In 2009, during a visit to Beijing to research intra-party democracy, a Chinese analyst I spoke to characterized the difference between the leadership of Jiang Zemin and that of then-President Hu Jintao as the same as that between “a Republican and a Democrat in the U.S. system.” He explained: “Jiang is the Republican, and Hu the Democrat. One is pro-business, the other pro-poverty relief and supports farmers.” It was a contentious, but striking, analogy. For all the obvious issues about drawing such a parallel, it did alert me to the task of trying to think about leadership differences in China in a more innovative way.
Now that the Communist Party has held its most recent plenum under Xi Jinping, where does he fit into this leadership spectrum? Pro-business, or pro-poor; pro-establishment or an outsider? What meaningful descriptive categories can we give a Chinese elite leader like Xi to understand him better?
If we accept that since 1949 there have been five key “leadership generations” in the People’s Republic of China (PRC), that gives us the figures of Mao Zedong, Deng Xiaoping, Jiang Zemin, Hu Jintao, and Xi Jinping to concentrate on. We can look at this collection of core leaders in two ways: in terms of their own character and political personality, and in terms of the policy behavior during the time they were active.
In terms of political personality, we can divide the five into extroverts and introverts. This is not primarily about their psychology, about which we can at best speculate, but more about the ways in which they behave toward power. Mao Zedong, Jiang Zemin, and Xi Jinping can be described as leaders keen not just on accruing positions of power to themselves, but on using a very personal way of speaking. In effect, Mao, Jiang, and Xi deploy their personalities as a political tool. For this reason they can be described as “power extroverts.” They were not keen to hide their powers, but to flaunt them. They believed in the role of charisma in politics.
Deng and Hu were far more self-effacing political figures. In Deng’s case, he even seemed to go out of his way to avoid occupying formal power positions. He served as Vice Premier until 1982, and then as Chair of the Central Military Commission to 1989. But he was a much more elusive political personality than Mao, his predecessor. Hu’s illusiveness comes through in different ways. He did have the main formal positions of power, but he did not deploy charisma. Hu never referred to his personal biography in his speeches, and he could never be accused of personality politics. Perhaps that was the reason why Deng reportedly so favored Hu in his early career and chose him as the heir apparent even as Jiang was General Secretary. Deng and Hu were in some ways quite similar in their political behavior and personality.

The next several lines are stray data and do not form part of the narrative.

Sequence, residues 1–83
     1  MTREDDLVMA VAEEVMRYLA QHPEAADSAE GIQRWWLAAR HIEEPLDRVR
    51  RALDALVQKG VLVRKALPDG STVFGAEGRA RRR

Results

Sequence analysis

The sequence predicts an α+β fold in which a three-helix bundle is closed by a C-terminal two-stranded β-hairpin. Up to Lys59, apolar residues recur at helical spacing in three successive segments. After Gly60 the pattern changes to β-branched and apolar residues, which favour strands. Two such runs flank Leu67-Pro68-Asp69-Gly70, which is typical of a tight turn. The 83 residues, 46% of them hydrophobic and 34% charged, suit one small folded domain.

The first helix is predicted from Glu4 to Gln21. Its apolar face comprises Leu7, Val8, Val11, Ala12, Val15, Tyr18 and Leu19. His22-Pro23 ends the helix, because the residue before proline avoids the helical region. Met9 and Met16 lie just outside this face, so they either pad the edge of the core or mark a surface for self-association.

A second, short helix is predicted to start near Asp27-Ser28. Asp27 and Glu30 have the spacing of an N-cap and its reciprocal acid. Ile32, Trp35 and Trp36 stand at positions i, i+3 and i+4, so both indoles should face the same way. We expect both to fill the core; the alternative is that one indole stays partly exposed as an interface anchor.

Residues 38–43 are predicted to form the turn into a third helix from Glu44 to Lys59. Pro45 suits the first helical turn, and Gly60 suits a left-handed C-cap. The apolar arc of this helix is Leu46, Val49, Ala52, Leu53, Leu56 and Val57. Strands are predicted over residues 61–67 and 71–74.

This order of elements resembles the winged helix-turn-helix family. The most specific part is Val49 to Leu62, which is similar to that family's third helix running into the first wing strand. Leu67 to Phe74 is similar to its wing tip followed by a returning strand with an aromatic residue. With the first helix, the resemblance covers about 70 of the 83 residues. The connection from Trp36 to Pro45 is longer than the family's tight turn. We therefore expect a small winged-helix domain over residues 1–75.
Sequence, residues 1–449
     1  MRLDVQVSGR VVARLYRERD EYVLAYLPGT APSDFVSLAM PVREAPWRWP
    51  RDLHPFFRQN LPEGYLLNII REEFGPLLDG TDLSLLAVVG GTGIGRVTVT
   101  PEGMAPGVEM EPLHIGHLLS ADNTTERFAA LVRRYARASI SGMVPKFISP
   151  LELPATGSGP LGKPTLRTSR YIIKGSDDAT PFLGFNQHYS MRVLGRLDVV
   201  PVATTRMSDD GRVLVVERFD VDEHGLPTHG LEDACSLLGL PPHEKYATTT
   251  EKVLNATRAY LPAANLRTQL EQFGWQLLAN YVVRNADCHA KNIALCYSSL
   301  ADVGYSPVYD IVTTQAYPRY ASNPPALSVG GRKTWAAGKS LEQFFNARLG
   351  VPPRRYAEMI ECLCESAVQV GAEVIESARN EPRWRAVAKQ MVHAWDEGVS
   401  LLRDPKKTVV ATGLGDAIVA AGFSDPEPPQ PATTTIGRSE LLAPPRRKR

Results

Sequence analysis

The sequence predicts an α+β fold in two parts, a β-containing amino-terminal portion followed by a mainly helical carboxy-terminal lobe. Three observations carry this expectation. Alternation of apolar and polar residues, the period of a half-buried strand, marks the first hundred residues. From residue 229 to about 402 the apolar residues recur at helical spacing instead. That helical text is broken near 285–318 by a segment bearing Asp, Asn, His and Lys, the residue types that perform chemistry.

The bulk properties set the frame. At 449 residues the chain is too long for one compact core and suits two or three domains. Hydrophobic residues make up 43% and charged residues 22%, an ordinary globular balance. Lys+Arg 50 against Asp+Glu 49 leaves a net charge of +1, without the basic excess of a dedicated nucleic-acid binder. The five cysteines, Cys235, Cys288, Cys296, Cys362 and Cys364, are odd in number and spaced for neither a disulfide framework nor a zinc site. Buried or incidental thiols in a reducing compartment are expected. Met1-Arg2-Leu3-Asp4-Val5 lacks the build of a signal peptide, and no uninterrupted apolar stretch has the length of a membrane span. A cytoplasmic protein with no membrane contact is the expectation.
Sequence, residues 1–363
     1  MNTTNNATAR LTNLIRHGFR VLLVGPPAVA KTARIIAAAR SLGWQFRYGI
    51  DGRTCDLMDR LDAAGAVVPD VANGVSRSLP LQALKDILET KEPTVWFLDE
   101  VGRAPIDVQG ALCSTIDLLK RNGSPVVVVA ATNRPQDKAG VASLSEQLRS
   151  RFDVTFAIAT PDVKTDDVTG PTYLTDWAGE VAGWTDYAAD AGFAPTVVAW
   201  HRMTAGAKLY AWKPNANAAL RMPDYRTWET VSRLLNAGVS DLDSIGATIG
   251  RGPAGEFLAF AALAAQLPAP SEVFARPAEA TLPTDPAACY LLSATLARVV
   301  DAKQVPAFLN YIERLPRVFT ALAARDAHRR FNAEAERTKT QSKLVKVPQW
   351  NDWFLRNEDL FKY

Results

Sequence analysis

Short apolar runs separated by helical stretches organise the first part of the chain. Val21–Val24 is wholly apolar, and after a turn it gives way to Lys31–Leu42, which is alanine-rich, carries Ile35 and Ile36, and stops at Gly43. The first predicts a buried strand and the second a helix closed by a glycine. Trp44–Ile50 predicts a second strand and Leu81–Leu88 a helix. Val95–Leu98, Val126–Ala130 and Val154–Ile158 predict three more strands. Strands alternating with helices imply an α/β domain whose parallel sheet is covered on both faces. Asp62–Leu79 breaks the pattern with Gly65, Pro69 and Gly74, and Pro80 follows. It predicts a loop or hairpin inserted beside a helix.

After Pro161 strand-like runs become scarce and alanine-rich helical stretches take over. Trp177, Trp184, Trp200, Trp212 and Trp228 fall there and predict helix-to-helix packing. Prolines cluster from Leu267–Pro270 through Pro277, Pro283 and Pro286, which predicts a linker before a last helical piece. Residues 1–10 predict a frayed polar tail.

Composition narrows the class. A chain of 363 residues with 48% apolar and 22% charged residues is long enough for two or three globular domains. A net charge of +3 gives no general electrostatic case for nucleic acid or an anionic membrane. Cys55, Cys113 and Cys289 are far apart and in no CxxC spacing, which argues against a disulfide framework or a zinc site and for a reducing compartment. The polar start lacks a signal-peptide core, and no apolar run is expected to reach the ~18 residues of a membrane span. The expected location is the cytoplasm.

One can supplement this division between extroverts and introverts by using a temporal framework that divide politics in the PRC since 1949 into periods of policy activism and policy consolidation. Mao’s era was abnormal in this respect, almost continuously using mass campaigns (16 from 1951 to 1976) and yearly changes in policy. After his death, however, things changed radically. Spurts of policy activism started to be followed by longer periods of policy implementation and consolidation. Under Deng, the years from 1978 to 1982, when the opening-up reforms were announced and the first measures implemented, were highly active. So were the years from 1998 to 2001 under Jiang, which saw massive changes to state-owned enterprises, admission of entrepreneurs to the Party, and negotiation for Chinese entry to the World Trade Organization. Hu’s whole period in power could not be characterized as particularly dense in policy initiatives and changes. Instead, he largely implemented the measures Jiang had sponsored. Under Xi, things have changed once again to activism.
All of this helps us characterize Xi in two ways – as one of the political extroverts of the last 65 years, alongside Mao and Jiang, and as someone presiding over a period that has so far seen high levels of policy activism. Witness the latest example of this, the reform of the one-child policy at this year’s plenum. If the pattern holds, though, policy activism in China is relatively short lived–at least it has been since 1978–and is followed by a period of consolidation.
In addition, political extroverts have so far been followed by their opposite: more introverted figures. Perhaps this might help in the vexed question of who precisely might appear as a potential successor to Xi in the next half decade or so: Look for a consolidator, and an introvert. That would fit the approximate pattern of at least the last four decades.